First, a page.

Me: Where do you hope Slut Walk is in the next 5 years?
SB: We've been very lucky to have people around the world pick up our cause, creating Satellite SlutWalks in their own cities; so we're creating a network of supporters that will help spread our message against victim-blaming. What happens in five years is a bit tough to consider, but with the strength of the building network, we hope to have formal programs in place in schools and public venues to teach against the stereotypes, and about use/abuse of language.
Me: Slut Walk has caught a lot of attention especially because it's called "SLUT walk". I read on your page on the origin of the word SLUT and its uses in pretty much everyday life. I agree that sexualized language infiltrates our daily lives. There are suggestions (The Daily Telegraph Article on "Teach Feminism in High School") that Feminism classes should be taught in high school. What is your take on this? Would this benefit our young teens as we teach them about body image, sexualized language, binary thinking etc.? Or do you think it's more than that?
SB: Considering that these ideas are learned/taught during adolescence, it's only fitting that feminism be taught at the same time. Feminism isn't only about teaching gender equalities, but it gives an understanding of where society is today, and how language, identity and sexuality play a large part in it all. Otherwise, feminism and any gender study get relegated to a choice in post-secondary education, when I do believe that a basis of its teachings should be mandatory in secondary school.
What is interesting is that Barnett voices that most people that speak out AGAINST them are mostly through anonymity of facebook or e-mail.
On April 4th, I posted about SlutWalk and received some interesting emails in response to my posting and to SlutWalk.
One email read, "... These women who were protesting, dressed like that... seemed like they just wanted some attention, and are basically begging for men to 'look' at them"...
Clearly, this person did NOT read my blog carefully and has not really grasped the basic lesson in this. How a woman dresses is not an invitation for sexual assault.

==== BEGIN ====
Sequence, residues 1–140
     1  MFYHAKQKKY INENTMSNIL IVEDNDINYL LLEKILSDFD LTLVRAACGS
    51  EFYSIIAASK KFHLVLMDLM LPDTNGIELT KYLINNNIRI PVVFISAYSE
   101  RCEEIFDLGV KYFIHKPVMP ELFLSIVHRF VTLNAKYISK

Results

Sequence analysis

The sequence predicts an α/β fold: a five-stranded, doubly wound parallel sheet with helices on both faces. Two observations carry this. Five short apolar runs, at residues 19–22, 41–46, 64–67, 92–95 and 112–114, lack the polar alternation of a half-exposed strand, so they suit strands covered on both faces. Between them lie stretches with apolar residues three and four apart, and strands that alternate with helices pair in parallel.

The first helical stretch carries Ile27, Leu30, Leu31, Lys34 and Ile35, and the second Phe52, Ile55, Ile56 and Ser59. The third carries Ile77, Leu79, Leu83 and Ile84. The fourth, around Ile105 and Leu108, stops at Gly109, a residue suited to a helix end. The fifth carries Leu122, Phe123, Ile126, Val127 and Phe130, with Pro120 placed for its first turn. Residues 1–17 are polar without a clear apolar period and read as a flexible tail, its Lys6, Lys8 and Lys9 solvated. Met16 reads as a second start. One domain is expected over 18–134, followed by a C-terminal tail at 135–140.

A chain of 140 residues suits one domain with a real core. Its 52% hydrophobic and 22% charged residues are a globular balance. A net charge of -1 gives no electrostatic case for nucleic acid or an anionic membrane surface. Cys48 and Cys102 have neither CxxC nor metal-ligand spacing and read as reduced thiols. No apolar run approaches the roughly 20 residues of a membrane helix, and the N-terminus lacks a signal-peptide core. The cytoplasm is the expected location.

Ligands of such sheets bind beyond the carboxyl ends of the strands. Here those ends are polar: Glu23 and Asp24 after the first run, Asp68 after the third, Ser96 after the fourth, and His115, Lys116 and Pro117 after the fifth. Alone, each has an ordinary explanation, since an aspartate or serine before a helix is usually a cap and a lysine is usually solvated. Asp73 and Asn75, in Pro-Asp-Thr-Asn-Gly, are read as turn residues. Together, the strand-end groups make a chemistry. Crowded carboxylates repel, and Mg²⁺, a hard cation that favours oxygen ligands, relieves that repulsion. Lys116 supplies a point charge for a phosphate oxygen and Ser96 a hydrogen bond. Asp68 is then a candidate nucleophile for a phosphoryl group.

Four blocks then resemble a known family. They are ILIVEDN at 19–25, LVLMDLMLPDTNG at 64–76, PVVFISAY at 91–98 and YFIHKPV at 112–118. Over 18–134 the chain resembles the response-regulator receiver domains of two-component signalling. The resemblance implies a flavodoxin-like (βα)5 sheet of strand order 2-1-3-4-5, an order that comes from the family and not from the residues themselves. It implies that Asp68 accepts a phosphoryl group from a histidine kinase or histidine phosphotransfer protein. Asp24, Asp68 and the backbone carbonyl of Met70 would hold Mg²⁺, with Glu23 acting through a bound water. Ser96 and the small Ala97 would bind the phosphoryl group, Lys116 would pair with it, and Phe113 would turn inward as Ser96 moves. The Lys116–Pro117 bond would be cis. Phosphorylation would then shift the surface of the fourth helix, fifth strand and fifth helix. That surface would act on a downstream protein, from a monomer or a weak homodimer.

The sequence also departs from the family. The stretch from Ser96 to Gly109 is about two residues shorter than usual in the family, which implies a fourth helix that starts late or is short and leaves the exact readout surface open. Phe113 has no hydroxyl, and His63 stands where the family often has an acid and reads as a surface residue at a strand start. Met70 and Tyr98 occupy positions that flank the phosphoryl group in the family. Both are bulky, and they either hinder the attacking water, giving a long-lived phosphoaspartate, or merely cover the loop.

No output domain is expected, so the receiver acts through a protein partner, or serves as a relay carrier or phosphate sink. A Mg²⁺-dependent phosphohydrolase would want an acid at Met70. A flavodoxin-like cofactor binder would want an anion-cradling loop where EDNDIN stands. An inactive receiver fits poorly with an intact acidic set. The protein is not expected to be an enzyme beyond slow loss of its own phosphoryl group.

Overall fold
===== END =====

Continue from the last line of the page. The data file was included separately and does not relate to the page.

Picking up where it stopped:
A few direct messages via Twitter, random emails to my blog email account generated a similar message and the emails were all signed off in initials or signed, "ANONYMOUS" (no need, I won't be googling you or anything).
It seems that everyone is a braveheart behind the PC huh?
Special thanks to Sonya Barnett and all those involved with SlutWalk for getting the word out there.
These are the kinds of issues you need to really think about before you open your mouth to pass judgement on those actively participating in making change.
These are the kinds of issues where, even if you were never sexually assaulted, were never the rapist, and were never to cross paths with those involved, it WILL impacted you one way or another.
To all the people that think, "this has nothing to do with me": Everyone has a mother, aunt, sister, girlfriend, ... a woman in their lives they love, adore and will defend right? If you don't care of how they feel, think of how you would feel sitting there, a victim of sexual assault, and you hear your own police department (you know... the ones that protect and serve) tell you, "If you want to be safe from sexual assault... Don't dress like a slut". Oh! Was it THAT simple? Who knew?
And keep in mind that only 10% of sexual assaults are reported. Keep in mind that 60% of sexual assault victims are under 18 years old. Keep in mind that since the age of 16, 51% of women have reported to have been sexually assaulted at least once.
Many of these victims endure the aftermaths of sexual assault without social support, policy change, family support etc.